Ethan Hunt (Tom Cruise) juggles a new fianc?e (Michelle Mongahan) and a happy domestic life with his new job as a trainer for the IMF. He also has to keep the existence of the IMF a secret from his future bride. During the engagement party, Musgrave (Billy Crudup) calls and Ethan soon learns an agent he trained, Lindsey Ferris (Keri Russell) has been kidnapped by a ruthless arms dealer, Owen Davian (Philip Seymour Hoffman). She is being held hostage in an abandoned factory in Berlin and they need to get her back because she has incriminating evidence about Davian. Ethan and his team, including Luther (Ving Rhames), Zhen (Maggie Q) and Declan (Jonathan Rhys Meyers) are soon in operation. After the rescue, Ethan is now Davian's enemy and they lock horns.
Directed by J.J. Abrams (the creator of TV's "Alias" and "Lost"), "Mission: Impossible III" accomplishes the impossible. It is the rare sequel better than the first (and second installments) of the franchise.
Okay, so we all know Cruise is off his rocker. I don't really see how this impacts your enjoyment of the film, but to each his own. Clearly, many people feel this way and have stayed away from the film for this reason. Throughout the history of Hollywood, there have been many stars who have been into one thing or another and they still managed to make some darn good films. Cruise is guilty of what, being overly enthusiastic? Damn him. If you don't like him, try to look beyond that, because the majority of the films he makes are very well-made. He takes a hand in producing most of the titles, working with his producing partner to make sure every element is top notch. Yes, the films are often imperfect, but they are heads and shoulders above most of the other offerings we are subjected to on a normal basis.
Cruise seems very comfortable in the role of Ethan Hunt. He has had time to acclimate to it, and now seems to fit the shoes he has had to fill. He owns this character and is able to convincingly portray the tender side of Ethan to his new fianc?e and instantly switch to the old Ethan, the one who will use every skill at his disposal to save a fellow agent.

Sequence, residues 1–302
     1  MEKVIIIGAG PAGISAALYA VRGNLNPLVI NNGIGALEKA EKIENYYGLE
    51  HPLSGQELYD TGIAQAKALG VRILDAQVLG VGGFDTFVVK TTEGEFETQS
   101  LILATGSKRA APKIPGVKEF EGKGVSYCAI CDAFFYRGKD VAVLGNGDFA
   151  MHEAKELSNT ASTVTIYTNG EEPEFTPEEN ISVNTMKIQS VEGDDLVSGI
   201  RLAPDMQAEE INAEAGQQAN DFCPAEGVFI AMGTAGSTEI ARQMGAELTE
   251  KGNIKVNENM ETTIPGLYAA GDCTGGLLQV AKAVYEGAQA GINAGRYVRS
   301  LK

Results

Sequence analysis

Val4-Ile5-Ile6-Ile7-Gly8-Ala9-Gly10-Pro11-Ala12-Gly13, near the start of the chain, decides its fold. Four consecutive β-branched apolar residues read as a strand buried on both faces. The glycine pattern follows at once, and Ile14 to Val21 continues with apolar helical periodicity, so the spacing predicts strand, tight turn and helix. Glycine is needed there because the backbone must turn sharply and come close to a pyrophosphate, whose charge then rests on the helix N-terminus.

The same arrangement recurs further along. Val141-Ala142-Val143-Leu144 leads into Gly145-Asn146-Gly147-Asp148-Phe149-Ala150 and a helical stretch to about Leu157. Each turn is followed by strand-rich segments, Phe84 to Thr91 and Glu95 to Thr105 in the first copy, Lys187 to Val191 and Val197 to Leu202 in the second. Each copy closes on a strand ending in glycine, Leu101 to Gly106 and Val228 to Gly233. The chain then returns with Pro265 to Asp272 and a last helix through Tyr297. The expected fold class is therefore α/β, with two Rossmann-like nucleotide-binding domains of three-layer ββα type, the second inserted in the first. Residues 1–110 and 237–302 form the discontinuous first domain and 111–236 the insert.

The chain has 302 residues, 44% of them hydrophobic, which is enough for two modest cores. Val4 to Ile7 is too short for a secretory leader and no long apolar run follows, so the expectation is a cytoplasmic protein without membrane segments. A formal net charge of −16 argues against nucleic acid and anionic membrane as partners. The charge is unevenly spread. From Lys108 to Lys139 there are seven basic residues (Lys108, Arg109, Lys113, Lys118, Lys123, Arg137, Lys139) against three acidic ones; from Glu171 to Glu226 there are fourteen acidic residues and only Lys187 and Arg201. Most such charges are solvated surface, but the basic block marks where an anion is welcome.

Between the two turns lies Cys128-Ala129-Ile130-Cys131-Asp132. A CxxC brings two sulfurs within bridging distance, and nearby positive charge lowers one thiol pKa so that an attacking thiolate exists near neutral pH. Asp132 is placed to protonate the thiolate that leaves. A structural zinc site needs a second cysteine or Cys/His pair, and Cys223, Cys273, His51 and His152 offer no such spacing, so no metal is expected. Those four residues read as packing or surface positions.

Cruise convinces us that he is in love with Julie (Michelle Monaghan, who bears a striking resemblance to Katie Holmes), which is important during the last act of the film. And we believe that he can effectively lead his team into Berlin, Rome and Shanghai, tracking the purely evil Davian (Hoffman, in a bravura performance).
This is Tom Cruise's film. Ethan Hunt is the main character and is in virtually every frame of celluloid. Because so much of the film rests on his shoulders, we have to believe in Ethan and Cruise makes this happen. He fully inhabits the character.
Of course, there is an equally important flip side to this character, the villain. In "III", Hunt finally seems to have a villain who challenges him. Hoffman's Davian is a very memorable creation. Part of this is because the character is so unlike anything we have ever seen from Hoffman, evil seeps out of his pores. When he is initially captured by Ethan and his team, he doesn't even seem concerned and tells Ethan that he will hunt down his girlfriend and make them both pay. This scene does two things; it demonstrates Davian knows he will get out and soon. And he will also attempt to get even. Because he seems so sure of himself.